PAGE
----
CV. Historical Recollections of Guildhall.
It may appear at glance a curious circumstance that the greatest events of which the edifice above-named has been the scene should be those which have had the least direct connection with its general objects or character. Instead of the election and banqueting of a Mayor, the repression of some new system of swindling; or-what to some would seem to be almost synonymous--of some new proposition of municipal reform, each alike, figuratively speaking, stirring the very hair of civic heads with horror; or, lastly, instead of an inquiry into some delectable police case, the principal matters that now agitate , or draw public attention towards it,--we find here, in former times, sceptres changing hands, new religions proscribed, and their disciples sent to martyrdom, trials of men who would have revolutionised the state, and who might, by the least turn of Fortune's wheel in a different direction, have changed places in the court with those who sat there to decide upon their lives, or rather to destroy them in accordance with a previous decision--the more common state of things in our old crown prosecutions. But the connection of such events with was not so remote, still less so accidental, as it seems. Without trenching upon the proper history of the latter, which belongs to another paper, we may here observe that when was the concentrating point towards which, in all matters affecting the independence, prosperity, and government of London, the intellect, wealth,
|and numerical strength of London generally systematically tended, it is evident that no place throughout England was so favourable for those royal and political manoeuvres of which the historical recollections of furnish such memorable examples. If Gloster wishes to be king, it is to that he sends the wily Buckingham to expressly ask the suffrages of the people: if the bigoted council of the savage Henry determine to express in some exceedingly decisive manner their abhorrence of the spreading doctrines of the Reformation, and of the error of supposing that because Henry favoured them when he wanted a new wife, that he still did so when unable to think of anything but his own painful and disgusting sores, it is at that the chosen victima lady, young, beautiful, and learned-receives her doom: if Mary would damage the Protestant cause whilst trying Protestant traitors, or James, the Catholic, at a similar opportunity, is still the favourite spot. Whatever the effect sought to be produced, it was well known that success in London was the grand preliminary to success elsewhere.|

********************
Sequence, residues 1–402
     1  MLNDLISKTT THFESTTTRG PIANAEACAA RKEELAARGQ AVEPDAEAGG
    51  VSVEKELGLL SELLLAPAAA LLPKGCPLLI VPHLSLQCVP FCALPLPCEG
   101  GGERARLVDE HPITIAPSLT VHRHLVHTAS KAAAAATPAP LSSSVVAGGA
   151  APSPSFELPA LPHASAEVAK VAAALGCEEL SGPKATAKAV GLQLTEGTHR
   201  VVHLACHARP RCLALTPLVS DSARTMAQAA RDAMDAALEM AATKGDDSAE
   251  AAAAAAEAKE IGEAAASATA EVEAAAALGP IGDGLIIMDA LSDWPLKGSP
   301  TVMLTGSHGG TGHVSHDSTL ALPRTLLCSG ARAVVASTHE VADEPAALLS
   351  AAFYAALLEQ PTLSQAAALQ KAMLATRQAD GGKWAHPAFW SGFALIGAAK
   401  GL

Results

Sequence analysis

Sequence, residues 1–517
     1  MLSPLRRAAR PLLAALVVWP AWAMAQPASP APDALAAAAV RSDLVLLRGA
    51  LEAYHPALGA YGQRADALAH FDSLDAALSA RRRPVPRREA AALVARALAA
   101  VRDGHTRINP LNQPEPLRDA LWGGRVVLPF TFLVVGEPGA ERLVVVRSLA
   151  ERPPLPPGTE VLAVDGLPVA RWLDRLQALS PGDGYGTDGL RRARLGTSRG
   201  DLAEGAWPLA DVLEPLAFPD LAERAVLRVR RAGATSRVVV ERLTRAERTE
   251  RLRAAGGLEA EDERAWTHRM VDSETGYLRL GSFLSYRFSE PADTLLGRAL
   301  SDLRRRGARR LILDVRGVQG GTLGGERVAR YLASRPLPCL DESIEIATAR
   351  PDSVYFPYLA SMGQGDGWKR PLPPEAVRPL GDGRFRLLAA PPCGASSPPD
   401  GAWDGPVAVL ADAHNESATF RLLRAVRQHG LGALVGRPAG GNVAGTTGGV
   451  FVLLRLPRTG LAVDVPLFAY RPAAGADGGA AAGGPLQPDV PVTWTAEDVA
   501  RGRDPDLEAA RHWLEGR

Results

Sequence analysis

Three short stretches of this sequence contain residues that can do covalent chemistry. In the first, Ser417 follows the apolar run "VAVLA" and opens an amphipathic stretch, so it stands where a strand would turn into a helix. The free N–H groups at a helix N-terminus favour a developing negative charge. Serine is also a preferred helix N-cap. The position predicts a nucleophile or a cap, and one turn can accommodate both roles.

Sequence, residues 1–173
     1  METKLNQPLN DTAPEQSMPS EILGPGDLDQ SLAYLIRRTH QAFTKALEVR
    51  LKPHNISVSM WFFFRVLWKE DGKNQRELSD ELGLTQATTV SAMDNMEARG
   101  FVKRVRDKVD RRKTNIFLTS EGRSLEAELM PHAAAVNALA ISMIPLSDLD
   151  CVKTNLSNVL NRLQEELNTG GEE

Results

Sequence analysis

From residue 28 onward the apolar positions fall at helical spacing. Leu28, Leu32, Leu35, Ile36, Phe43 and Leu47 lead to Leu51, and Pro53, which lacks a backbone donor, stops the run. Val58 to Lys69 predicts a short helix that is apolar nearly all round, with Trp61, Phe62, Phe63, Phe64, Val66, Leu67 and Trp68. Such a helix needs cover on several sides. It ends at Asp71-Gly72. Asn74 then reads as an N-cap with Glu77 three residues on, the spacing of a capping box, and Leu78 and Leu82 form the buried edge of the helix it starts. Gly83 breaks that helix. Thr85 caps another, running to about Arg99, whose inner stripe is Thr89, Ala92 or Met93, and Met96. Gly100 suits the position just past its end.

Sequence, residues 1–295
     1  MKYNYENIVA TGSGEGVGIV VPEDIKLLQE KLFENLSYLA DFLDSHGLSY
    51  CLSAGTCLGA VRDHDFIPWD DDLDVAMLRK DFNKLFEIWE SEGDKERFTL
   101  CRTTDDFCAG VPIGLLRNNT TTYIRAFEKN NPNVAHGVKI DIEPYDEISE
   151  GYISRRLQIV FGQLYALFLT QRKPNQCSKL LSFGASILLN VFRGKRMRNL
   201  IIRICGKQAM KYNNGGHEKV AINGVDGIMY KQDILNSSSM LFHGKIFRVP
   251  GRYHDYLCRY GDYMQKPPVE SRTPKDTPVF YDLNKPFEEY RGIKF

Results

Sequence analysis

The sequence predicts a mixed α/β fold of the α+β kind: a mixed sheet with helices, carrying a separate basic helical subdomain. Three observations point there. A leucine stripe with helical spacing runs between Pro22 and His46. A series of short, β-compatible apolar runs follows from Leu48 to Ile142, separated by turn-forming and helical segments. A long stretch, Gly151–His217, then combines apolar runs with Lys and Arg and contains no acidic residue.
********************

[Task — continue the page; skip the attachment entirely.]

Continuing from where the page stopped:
It was on Tuesday, the , that the citizens were seen flocking from all parts towards the , on some business of more than ordinary import. Edward IV. had died a few weeks before, and his son and successor was in the Tower, under the care of his uncle, the Protector, waiting the period of his coronation. Doubt and anxiety were in every face. The suspicious eagerness shown to get the youthful Duke of York from the hands of his mother in at , the almost inexplicable death of Hastings in. the Tower, the severe penance inflicted on Jane Shore, the late King's favourite mistress, and the sermon which followed that exhibition on the same day, the preceding Sunday, at Paul's Cross, where the popular preacher, Dr. Shaw, spoke in direct terms of the illegitimacy of the young Princes, and of the right nobleness of their uncle, all produced a growing sense of alarm as to the future intentions of the principal actor, Gloster. As they now entered the hall, and pressed closer and closer to the hustings, to hear the Duke of Buckingham, who stepped forth to address them, surrounded by many lords, knights, and citizens, it was not long before those intentions, startling as they were, became sufficiently manifest.